The Genesis of Innovation

The Genesis of Innovation

Systemic Linkages Between Knowledge and the Market

New Horizons in the Economics of Innovation series

Edited by Blandine Laperche, Dimitri Uzunidis and G. N. von Tunzelmann

The genesis and diffusion of innovation depends upon the density of the cognitive and market relationships among individuals, organisations and institutions at both the micro- and macro-economic level. By addressing the nature of these relationships, which include cooperation, competition and power, this book presents an important and progressive enquiry into the economic and social origins of innovation.

Chapter 5: The Relationship between Military and Commercial Technologies: An Empirical and Analytical Perspective

Claude Serfati

Subjects: economics and finance, economics of innovation, innovation and technology, economics of innovation

Extract

Claude Serfati 1. INTRODUCTION ‘War is necessary for technological progress’. While this kind of claim is quite popular and often translated into academic language, it offers very little, if any help. Certainly, ever since the dawn of humanity, war has been part of social life, and for that reason it has also been a component and a driver of technological advance. This observation is still quite insufficient, nonetheless, because the huge economic, social and environmental cost – what economists narrowly call ‘opportunity costs’ – have to be taken into account. Beyond that, more than such a cliché is needed if we are to adopt an institutionalist-based analysis and provide an historical account of the (changing) relations between military and commercial technologies. This chapter addresses some issues related to military and commercial technology relations. It is structured as follows. Section 1 puts the debate in its historical context, and underlines that discourses on these relations have changed over the last six decades, going from ‘spin-off’ to ‘spin-in’, then to ‘dual-technologies’. In the mid-1990s, it was generally thought that generalising dual-use technologies would bring to an end the story of the relations between military and commercial technologies. The Internet case is then presented, which in the course of a history spanning four decades, provides evidence of a more complex relation between military and commercial than the usual claim that ‘the Internet was invented by the military’. Sections 2 and 3 address how the new security agenda adopted by the European Union...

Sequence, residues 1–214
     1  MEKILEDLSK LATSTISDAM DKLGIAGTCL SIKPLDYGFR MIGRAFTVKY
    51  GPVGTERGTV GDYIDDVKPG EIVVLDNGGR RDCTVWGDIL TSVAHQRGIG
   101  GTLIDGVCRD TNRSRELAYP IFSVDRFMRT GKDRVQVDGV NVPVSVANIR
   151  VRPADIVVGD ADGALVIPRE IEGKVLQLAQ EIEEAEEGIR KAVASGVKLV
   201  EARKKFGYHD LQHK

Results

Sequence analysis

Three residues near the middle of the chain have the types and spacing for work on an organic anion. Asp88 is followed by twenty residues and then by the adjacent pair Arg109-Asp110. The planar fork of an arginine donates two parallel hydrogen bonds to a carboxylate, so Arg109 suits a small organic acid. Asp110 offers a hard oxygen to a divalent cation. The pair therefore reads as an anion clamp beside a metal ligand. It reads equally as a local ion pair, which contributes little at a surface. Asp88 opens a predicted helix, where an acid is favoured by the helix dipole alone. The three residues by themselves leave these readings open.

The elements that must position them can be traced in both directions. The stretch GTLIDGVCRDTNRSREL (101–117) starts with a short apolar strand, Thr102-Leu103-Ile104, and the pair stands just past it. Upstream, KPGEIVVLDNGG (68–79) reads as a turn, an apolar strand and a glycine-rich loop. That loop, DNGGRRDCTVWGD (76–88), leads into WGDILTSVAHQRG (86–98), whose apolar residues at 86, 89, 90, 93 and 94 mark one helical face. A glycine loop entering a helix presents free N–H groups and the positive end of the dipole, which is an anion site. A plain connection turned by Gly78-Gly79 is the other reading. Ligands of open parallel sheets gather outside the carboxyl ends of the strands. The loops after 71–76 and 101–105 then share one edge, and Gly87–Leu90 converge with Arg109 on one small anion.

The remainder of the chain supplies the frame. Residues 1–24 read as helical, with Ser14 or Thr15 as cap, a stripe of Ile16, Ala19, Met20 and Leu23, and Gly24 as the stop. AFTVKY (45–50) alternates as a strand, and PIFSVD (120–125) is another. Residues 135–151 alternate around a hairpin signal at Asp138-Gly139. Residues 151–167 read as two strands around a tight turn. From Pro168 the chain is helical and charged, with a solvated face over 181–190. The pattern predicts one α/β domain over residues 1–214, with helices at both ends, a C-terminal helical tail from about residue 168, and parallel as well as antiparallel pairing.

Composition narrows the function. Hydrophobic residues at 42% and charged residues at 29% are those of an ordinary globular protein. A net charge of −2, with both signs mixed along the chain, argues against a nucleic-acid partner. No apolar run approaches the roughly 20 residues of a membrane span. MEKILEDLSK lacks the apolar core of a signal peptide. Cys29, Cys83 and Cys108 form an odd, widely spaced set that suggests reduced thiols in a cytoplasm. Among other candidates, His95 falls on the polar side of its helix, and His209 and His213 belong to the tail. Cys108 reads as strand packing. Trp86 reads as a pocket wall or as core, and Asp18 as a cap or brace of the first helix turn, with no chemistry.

You are not authenticated to view the full text of this chapter or article.

Elgaronline requires a subscription or purchase to access the full text of books or journals. Please login through your library system or with your personal username and password on the homepage.

Non-subscribers can freely search the site, view abstracts/ extracts and download selected front matter and introductory chapters for personal use.

Your library may not have purchased all subject areas. If you are authenticated and think you should have access to this title, please contact your librarian.

Further information